Everything else though looks pretty beast. Especially that Storm Stryker and PB278Q! I used both of those in my first build and love both of them to death. There's so much modding potential with the Stryker. In the future I want to mod two 240mm rads on the side HDD intakes. I can't think of another case that has that potential. And the monitor is simply stunning.
Yes it would be. It would be perfect actually. Takes advantage of load efficiency pretty spot on once you overclock.
How did you mount that slim fan to the rad? Did you just cut some screws or did you actually buy some screws? (link please if you did!)
Looks good. Only 1 thing I would change though, and that's the PSU.
Get something from Seasonic, Corsair, NZXT, Antec, PC Power & Cooling, Cooler Master, Fractal Design, EVGA, Be Quiet!, OCZ, or Enermax.
80+ Bronze rated, semi or fully modular, and in Tier 3 or higher of this list: http://www.eggxpert.com/forums/thread/323050.aspx
How about this?
1920x1080 is much better, and you can get monitors with that resolution for the same price as the 1600x900 one you've chosen. It's more demanding to display because there are more pixels, but you get a much nicer picture.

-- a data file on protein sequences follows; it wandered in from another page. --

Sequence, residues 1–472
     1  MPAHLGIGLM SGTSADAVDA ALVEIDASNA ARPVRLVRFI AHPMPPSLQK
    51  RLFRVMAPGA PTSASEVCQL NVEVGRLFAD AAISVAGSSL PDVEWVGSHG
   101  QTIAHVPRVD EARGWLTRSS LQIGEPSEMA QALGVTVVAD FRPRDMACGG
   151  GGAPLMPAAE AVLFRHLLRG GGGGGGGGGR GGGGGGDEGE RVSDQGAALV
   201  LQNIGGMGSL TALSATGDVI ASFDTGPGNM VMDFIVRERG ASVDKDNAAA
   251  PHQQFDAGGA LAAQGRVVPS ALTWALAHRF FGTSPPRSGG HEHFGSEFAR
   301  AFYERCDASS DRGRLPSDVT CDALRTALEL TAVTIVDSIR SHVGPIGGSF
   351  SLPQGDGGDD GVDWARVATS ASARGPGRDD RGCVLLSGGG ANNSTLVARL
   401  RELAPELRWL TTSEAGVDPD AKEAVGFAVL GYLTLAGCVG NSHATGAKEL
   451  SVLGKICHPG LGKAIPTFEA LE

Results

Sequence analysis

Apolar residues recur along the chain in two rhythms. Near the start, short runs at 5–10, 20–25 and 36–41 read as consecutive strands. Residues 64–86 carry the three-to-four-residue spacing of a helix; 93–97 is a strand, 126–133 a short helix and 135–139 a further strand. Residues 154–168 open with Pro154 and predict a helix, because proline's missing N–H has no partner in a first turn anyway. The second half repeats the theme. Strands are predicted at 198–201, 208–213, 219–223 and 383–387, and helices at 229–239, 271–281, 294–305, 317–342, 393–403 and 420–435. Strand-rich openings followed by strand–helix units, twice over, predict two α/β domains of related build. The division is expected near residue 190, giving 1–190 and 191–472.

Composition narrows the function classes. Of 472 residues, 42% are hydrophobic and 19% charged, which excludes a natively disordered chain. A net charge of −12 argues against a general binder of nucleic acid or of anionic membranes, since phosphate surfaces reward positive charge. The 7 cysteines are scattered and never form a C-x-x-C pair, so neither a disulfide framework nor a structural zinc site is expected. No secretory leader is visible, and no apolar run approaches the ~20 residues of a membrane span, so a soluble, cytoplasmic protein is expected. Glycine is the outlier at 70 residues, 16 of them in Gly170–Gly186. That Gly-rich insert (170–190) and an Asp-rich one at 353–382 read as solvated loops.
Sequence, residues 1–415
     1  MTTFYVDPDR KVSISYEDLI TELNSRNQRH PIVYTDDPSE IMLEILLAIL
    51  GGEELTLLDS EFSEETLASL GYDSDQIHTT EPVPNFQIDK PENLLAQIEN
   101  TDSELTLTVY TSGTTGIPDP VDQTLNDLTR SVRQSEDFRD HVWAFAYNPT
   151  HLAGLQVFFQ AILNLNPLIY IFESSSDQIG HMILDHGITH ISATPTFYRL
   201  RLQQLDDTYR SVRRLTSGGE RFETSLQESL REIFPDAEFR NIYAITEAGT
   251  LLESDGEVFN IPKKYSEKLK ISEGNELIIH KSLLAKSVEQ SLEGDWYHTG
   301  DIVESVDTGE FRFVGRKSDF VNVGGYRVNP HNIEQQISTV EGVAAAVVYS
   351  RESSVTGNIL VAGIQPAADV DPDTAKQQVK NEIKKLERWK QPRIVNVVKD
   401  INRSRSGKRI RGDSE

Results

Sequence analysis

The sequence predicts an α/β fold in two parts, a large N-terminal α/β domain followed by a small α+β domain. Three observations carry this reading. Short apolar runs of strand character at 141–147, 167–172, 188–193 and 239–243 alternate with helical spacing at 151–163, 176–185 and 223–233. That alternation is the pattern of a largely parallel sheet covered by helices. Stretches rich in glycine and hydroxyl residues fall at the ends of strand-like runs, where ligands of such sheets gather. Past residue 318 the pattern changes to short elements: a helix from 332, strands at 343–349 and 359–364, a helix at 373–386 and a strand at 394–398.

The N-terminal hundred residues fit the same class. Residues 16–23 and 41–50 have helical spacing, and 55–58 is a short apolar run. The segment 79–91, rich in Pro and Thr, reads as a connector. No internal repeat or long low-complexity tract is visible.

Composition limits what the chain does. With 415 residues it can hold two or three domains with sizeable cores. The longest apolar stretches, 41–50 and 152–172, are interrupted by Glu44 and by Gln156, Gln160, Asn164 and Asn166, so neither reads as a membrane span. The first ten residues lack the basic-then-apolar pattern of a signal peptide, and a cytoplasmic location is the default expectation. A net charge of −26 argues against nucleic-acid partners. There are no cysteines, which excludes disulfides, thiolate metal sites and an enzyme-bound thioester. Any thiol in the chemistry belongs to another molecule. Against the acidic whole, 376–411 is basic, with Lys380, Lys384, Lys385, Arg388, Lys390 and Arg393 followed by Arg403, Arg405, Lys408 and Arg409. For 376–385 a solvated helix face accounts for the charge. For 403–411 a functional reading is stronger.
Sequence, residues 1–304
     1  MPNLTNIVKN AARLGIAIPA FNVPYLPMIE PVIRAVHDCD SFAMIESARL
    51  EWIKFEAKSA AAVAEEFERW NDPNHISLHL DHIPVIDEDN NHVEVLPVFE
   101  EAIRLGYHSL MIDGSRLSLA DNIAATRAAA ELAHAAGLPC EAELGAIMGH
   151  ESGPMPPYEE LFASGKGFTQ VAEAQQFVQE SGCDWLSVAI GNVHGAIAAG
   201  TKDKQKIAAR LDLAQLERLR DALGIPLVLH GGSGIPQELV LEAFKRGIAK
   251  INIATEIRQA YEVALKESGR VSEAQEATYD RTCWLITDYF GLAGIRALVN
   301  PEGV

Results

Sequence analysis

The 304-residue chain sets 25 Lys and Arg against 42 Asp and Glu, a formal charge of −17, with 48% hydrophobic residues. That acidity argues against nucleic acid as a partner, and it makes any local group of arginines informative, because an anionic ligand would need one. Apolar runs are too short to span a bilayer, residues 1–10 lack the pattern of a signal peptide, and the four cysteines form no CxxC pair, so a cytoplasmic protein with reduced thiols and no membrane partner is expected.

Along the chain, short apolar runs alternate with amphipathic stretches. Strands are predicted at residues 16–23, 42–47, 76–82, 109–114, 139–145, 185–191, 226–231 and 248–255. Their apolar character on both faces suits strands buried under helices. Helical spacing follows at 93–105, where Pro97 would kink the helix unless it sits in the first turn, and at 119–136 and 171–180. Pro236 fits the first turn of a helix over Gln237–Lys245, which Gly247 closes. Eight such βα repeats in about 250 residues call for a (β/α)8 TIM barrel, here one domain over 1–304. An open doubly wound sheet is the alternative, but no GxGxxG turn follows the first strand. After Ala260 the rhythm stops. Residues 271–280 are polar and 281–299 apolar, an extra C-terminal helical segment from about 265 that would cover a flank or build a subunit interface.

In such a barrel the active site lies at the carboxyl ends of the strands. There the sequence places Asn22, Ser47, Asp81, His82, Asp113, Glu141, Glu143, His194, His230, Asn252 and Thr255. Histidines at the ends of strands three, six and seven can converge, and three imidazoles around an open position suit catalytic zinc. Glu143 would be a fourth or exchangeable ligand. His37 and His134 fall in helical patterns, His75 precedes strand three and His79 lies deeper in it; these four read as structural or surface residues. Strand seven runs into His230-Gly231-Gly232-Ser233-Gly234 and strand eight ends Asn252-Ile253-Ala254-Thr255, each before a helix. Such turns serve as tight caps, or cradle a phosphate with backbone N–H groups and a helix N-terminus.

For a video editing machine that can run a triple monitor setup, I recommend this:
Fluid 60 with an R9 280X at 900p? The only game I can think of is Skyrim with an absolute obscene amount of mods lol. Even Crysis 3 would run a fluid 60.
What video editing applications do you use/want to use?
That value is irrelevant because:
"Maximum: Furmark Stability Test at 1280x1024, 0xAA. This results in a very high non-game power consumption that can typically be reached only with stress-testing applications. The Card was left running the stress test until power draw converged to a stable value. On cards with power-limiting systems, we disabled the power-limiting system or configured it, if possible, to the highest available setting. We also used the highest single reading from a Furmark run which was obtained by measurements taken faster than the power limit could kick in."
There's no point buying a more expensive higher wattage PSU just so you can unlock power restrictions and run Furmark. Nobody does that. I think it makes more sense to look at "Peak". Who wants to spend money to run an artificial stresser? That's silly. I recommend based on non-silly statistics, like their "Peak" test results.
Since you haven't provided any info about the computer you want, I just modified some basic things in the list:
Lowered the PSU, swapped the optical drive to a lower-cost and practically identical performance one (trusty 24B1ST), and added an SSD.